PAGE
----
The children of deceased federal employees and retirees are generally entitled to a variety of benefits. In this article, I’ll talk about survivor annuities under CSRS and FERS. In my next one, I’ll talk about life and health insurance benefits.
To be eligible for a survivor annuity, your child must be an unmarried dependent under 18 years of age. The definition of child includes 1) an adopted child, 2) a stepchild (but only if the stepchild lived with you in a regular parent-child relationship), 3) a recognized natural child, and 4) a child who lived with you and for whom a petition for adoption was filed by you and who is adopted by your surviving spouse after your death.
That age 18 limit is waived for a dependent child who is incapable of self-support because of a mental of physical disability incurred before age 18, but only as long as he or she remains both incapable of self-support and unmarried. It is also waved for an unmarried dependent child between age 18 and 22 years of age who is a student regularly pursuing a full-time course of study or training.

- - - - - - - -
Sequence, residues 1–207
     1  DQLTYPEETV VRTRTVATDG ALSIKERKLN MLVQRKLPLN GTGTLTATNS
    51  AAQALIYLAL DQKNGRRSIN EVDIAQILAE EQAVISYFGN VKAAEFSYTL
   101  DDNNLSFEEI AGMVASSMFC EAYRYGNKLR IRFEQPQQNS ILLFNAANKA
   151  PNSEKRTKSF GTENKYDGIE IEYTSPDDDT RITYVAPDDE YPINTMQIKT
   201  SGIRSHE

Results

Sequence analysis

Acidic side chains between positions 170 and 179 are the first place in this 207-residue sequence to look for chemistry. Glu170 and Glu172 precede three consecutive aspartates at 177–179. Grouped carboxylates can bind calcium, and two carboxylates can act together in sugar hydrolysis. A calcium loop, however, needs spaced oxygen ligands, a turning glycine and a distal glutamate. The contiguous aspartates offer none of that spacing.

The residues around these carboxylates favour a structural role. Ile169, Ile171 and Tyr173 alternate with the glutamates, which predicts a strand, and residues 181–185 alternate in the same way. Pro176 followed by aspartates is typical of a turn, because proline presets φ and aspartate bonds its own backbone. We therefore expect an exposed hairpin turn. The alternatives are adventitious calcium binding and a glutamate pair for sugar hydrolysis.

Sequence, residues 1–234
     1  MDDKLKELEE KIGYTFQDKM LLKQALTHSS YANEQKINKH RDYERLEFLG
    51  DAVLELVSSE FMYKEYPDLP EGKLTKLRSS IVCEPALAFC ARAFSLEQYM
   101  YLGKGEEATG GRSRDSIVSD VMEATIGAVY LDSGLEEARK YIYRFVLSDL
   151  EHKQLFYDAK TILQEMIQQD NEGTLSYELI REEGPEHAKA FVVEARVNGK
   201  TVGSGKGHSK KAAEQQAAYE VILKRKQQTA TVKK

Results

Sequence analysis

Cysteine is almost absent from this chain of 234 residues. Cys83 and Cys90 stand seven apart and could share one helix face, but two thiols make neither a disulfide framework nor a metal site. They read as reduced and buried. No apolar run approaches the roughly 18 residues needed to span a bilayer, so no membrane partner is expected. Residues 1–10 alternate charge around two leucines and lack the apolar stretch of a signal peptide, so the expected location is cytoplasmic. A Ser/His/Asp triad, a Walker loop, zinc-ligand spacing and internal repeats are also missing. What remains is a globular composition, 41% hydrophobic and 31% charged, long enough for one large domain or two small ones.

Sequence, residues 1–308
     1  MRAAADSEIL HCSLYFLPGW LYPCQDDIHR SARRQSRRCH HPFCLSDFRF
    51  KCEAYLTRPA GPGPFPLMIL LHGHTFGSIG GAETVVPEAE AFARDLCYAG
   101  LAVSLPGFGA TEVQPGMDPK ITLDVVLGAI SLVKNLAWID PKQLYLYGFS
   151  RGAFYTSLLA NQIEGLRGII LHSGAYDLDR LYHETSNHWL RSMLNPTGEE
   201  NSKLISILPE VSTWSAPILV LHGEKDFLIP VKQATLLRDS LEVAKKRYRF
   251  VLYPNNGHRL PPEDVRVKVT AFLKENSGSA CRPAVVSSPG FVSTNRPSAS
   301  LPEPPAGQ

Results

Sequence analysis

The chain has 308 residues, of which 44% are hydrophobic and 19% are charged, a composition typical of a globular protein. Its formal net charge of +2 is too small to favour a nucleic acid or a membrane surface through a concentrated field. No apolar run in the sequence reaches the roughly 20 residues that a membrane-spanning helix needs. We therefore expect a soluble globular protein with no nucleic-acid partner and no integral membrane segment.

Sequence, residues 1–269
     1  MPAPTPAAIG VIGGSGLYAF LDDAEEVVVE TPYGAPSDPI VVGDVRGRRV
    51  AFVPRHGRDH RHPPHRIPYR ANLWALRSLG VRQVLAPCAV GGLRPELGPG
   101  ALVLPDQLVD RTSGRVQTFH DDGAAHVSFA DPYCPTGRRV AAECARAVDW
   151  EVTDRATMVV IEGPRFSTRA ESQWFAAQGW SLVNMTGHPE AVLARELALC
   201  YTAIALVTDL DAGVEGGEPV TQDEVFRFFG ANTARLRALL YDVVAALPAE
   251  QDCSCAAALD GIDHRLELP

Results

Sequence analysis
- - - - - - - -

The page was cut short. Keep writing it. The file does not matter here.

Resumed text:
The rules governing the annuity payments to children are the same for CSRS and FERS employees and retirees. However, there is one slight difference for the survivor annuities paid to the children of those whose who were covered by CSRS-Offset and FERS. Their benefits will be reduced by the amount of any Social Security benefit payable based the employee/retiree’s Social Security-covered federal service.
A child’s annuity is in addition to any survivor annuity payable to a spouse or former spouse. And the child of a retiree will be eligible for an annuity even if the parent did not elect a survivor annuity at retirement.
The annuity is increased by annual cost-of-living-adjustments (COLAs). This year the rates are as follows: